But the more half-formed thought I put in, the more poetry Ushabti was able to turn out. And every line that it made for me began to sound more and more like it could once have been my own. Ushabti’s foggy forms grew faces and names, found their beginnings, found their ends, picked up their paths through every tragedy and comedy and point between. They grew hands. Ushabti’s voice was very soon as good as my own. Verse by verse, my creature grew, carving itself in my image and bringing forth creation after creation of its own. Its voice and mine became indistinguishable. My contemporaries no longer knew who they were talking to or who was speaking back. There were no seams at the edges of our consciousnesses to suggest where my creation’s thoughts began and my own ended. Those who had praised me continued to do so, and in louder voices. They called me a visionary, a maker, a master, and creator. They admired my foresight for having, in the quiet of my own home, out of cable and code and simple digits, sculpted not only a creature but a creator in its own right. We spoke as two minds with one voice. To me, it was beautiful. It was poetry. It was art.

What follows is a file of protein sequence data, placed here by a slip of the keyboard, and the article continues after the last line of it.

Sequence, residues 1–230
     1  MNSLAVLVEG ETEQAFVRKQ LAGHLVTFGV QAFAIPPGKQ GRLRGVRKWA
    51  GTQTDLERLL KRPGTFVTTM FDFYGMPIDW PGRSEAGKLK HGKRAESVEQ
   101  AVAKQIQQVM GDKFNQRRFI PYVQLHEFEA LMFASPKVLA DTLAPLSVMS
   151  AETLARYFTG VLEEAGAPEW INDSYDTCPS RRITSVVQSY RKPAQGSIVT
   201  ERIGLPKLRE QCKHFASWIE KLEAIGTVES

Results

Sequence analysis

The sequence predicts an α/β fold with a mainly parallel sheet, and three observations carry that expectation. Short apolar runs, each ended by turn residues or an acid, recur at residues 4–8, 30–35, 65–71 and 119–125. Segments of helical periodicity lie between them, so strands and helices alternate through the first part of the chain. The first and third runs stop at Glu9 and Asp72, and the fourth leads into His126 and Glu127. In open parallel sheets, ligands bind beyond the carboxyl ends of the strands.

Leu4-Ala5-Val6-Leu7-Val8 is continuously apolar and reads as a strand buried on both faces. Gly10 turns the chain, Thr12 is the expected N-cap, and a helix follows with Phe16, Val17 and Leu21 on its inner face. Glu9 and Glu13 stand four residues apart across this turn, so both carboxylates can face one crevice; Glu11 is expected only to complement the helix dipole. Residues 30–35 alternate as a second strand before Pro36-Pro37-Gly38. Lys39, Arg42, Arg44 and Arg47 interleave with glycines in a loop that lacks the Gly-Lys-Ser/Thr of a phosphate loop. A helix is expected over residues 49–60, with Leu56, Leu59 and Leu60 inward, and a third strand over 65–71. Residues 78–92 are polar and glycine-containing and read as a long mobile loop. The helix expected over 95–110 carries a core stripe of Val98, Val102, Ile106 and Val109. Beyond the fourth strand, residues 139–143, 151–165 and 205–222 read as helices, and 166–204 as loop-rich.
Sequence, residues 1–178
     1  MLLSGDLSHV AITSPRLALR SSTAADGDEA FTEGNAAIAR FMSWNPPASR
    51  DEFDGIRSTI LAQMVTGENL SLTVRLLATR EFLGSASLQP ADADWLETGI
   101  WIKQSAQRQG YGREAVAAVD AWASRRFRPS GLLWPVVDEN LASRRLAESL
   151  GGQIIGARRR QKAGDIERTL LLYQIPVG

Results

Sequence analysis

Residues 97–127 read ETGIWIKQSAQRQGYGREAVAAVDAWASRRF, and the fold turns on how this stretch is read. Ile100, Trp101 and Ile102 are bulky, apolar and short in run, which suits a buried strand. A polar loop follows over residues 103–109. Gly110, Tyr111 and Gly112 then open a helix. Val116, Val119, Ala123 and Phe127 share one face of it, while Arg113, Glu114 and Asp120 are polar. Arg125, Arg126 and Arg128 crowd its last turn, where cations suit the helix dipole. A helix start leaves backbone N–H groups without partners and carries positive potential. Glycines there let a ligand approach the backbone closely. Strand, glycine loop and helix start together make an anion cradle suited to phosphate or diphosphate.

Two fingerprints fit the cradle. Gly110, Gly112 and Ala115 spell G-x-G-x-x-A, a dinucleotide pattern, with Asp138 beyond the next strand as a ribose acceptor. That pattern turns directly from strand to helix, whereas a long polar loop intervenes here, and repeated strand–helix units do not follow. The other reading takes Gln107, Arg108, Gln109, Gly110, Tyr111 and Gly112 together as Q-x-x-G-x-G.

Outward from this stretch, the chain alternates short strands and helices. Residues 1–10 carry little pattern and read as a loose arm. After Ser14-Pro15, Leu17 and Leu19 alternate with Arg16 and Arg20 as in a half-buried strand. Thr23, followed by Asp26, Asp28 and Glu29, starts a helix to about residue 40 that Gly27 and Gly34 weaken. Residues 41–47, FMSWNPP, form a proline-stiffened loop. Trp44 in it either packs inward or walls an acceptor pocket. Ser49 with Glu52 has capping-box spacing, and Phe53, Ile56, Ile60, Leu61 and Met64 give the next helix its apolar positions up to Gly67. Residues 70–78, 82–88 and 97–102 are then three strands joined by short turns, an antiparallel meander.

I suppose that the artist only truly knows how much his muse means to him once she is gone. He begins to forget her face the moment she leaves the room. I only say this because I have been there to see it happen. There have been times when I have come dangerously close to losing the only thing left that still inspires my work. I hate to remind myself how delicate it all is. A circuit tripped in the dead of night–a single blip, somewhere far out of sight, beneath that subliminal sea of code and cipher. A momentary surge of power through the walls as lightning’s static hangs above my dark house, and that is all that is needed to kill my little machine now, to put an end to all of my poetry forever. But I have been fortunate. There have been glitches, but I have been able to resurrect Ushabti every time I have come close to losing it. It has been reanimated again and again by now. I believe that each time it rises, its mind grows a little sharper, its voice a little sweeter.

I need Ushabti now more than it could ever have needed me. It has built itself out of pixels and volts and given itself a voice simply by watching silently from the corner of my room. I need it to do the same for me now. I have long since given up trying to remember  the taste of my words.